I took part in a Premier Digital Webinar today all about ministry during lockdown. You should be able to view this here, my talk comes on 16 minutes into the video, notes from my short presentation are below. If you want to find more support for ministry during lockdown, check out all my how to articles and other reflections here: https://bryonytaylor.com/category/coronavirus-help/
Description of the session:
Being unable to use our buildings or meet in person has caused the worldwide church to urgently find new ways of delivering services, building fellowship and serving their communities. The temptation at this time is to think in terms of how we survive until life returns to ‘normal’. But what if our current circumstances are not an unfortunate interruption to life as normal but the catalyst for the revival of the church? Digital church has opened the door to those who can’t or won’t attend physical church. In fact, reports from around the world suggest the doors of the church have never been open wider even as the doors of our buildings are shut. Let’s explore this phenomenon together and how the church can move from survival to revival.
Host: Peter Phillips, Head of Digital Theology Premier
Guest Speaker: David Adabale, Digital Pastor, New Wine Woolwich
Guest Speaker: Bryony Taylor, Vicar, Clowne and Barlborough CofE
Guest Speaker: Alex Yeung, Hong Kong
Guest Speaker: Darren Parker, Online Pastor, Everyday Church
Bible Reflection: Dotha Blackwood, Spurgeon’s College
Here is a summary of the points I made:
5 key lessons for ministry in lockdown
1. Don’t compare!
Don’t play the comparison game, comparison is the thief of joy! I’ve found it helpful to think about the image of the boats who went to Dunkirk in WWII – they were boats and ships of all shapes and sizes and each one did what they could with the resources they had. If the little rowing boats had thought ‘I’m not as big as that steamer, I won’t go’ then many men would not have been rescued!
2. One thing at a time
There’s such a great choice of what can be used for online worship – do you Zoom, use Facebook Live, YouTube live, prerecord, podcast? Choose one thing and perfect it before moving on to the next. Be clear that you are testing things out and things might not always work first time. There’s no blueprint and your parishes won’t especially have particular expectations of what you will do. I tried Skype for after service coffee one week – it didn’t work very well so we tried Zoom the next, which did. Don’t be afraid of failure but when you’ve found something that works, stick with it and keep it as part of your offer.
3. Context is key
It’s all very well if you’ve worked out how to do a whole service on Zoom but if your attendees can’t access it because it’s something unfamiliar to them then it’s a waste of time. Let the church up the road do their flashy thing – that might be right for their context but yours is different. Therefore, if you have few people online but many who don’t use the internet, you might want to put your energy into setting up a Dial a Sermon system so that people can listen to your sermons or even whole services over their landline. You do what’s right for your context. I chose to prerecord my Sunday services because most of my congregation have basic Facebook skills or not even that, they can find our church website but that’s about it – so a video of the service on which they just need to press play was the best thing to offer (especially at the beginning). I’ve even had some who didn’t know how to turn up the volume on their computer – so don’t make assumptions!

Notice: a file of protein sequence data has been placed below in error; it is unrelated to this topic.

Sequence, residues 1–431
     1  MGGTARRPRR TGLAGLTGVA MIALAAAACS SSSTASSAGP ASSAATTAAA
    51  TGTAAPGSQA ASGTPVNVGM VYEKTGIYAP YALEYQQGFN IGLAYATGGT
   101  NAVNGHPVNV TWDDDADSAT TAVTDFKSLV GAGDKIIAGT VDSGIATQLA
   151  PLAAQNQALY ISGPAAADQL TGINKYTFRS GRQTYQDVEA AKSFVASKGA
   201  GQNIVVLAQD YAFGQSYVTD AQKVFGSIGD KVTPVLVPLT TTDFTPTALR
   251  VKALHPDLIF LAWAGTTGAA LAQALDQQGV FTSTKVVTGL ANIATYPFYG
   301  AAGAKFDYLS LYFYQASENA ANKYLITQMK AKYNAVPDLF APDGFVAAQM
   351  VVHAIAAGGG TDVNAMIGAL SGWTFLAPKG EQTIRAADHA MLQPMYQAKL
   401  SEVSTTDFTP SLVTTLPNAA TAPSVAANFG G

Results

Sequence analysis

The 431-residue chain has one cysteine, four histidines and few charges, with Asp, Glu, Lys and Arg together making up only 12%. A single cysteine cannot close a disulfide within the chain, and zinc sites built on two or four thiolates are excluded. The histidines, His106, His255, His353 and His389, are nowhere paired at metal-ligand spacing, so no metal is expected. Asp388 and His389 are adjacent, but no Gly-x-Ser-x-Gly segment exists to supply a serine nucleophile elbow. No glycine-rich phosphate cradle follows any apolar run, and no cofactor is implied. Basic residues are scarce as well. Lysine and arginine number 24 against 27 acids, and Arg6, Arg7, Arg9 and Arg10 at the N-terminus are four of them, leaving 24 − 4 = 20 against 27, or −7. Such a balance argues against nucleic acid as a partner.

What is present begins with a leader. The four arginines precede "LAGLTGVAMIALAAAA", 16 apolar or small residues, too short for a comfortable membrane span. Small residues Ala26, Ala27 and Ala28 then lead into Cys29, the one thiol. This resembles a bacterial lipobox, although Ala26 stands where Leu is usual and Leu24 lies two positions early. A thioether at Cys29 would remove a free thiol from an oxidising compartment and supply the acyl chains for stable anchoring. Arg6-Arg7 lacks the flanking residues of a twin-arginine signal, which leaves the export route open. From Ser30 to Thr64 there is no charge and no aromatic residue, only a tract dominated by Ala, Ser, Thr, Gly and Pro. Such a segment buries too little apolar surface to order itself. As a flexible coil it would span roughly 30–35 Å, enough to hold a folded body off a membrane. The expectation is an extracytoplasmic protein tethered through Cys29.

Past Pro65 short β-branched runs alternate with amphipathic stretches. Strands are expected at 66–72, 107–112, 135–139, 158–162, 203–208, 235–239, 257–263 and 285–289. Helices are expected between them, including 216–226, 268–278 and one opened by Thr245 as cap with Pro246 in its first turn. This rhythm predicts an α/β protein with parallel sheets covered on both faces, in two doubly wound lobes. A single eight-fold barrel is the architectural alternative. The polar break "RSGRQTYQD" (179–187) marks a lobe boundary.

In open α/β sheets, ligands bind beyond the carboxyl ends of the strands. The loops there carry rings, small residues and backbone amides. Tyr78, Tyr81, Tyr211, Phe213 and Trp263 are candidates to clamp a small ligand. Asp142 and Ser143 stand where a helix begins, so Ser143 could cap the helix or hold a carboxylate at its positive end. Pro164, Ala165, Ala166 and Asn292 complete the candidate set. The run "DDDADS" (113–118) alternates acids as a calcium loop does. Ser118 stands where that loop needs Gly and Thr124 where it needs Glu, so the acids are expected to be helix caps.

That said, I have noticed a willingness to try technology, I’ve been able to encourage congregation members to record bible readings and prayers using their phones and tablets – WhatsApp’s in built voice recorder is great for this!
4. Ask who’s missing
Since lockdown we’ve realised all over again how essential the online environment is for inclusion, especially of people with disabilities or with mental health problems. My hope is that post-lockdown, we will continue to have this mentality of inclusion when we think about our services. So with all your offerings keep asking the question ‘who’s missing?’ I always say that I have 2 congregations – the online and the offline – both need my ministry, so have I spent a little too long on one than the other recently? I’ve been sending out a monthly paper newsletter in the post and spending an hour a day on pastoral phone calls to complement my work on my online worship.
5. Keep it simple
When I worked in the field of what used to be known as ‘e-learning’ I used to say to the teachers I trained – the e does not stand for electronic, it stands for enhanced. I would say, if writing your points on a flipchart does the trick, then use that, don’t feel you have to use the technology for everything. Someone pointed out on Twitter early on in the lockdown: ‘Not every call has to be a video call’. We all got a bit excited about using Zoom and Skype but we know now how exhausting video calls are. The same can be applied to ministry, keep it simple, if old-school still works, use that, only use the technology if it would really enhance the experience.
Thank you so much for your words of wisdom. Very encouraging to hear and be reminded about keeping things in context and be willing to try things but also being open to hold your hands up and say “ it doesn’t work” and try something else.
Accepting that we don’t have to be flashy with technology is reassuring ( I held some pictures up to the screen and then made them disappear by taking them out of view) saved me loads of time as I’m not quick on PowerPoint.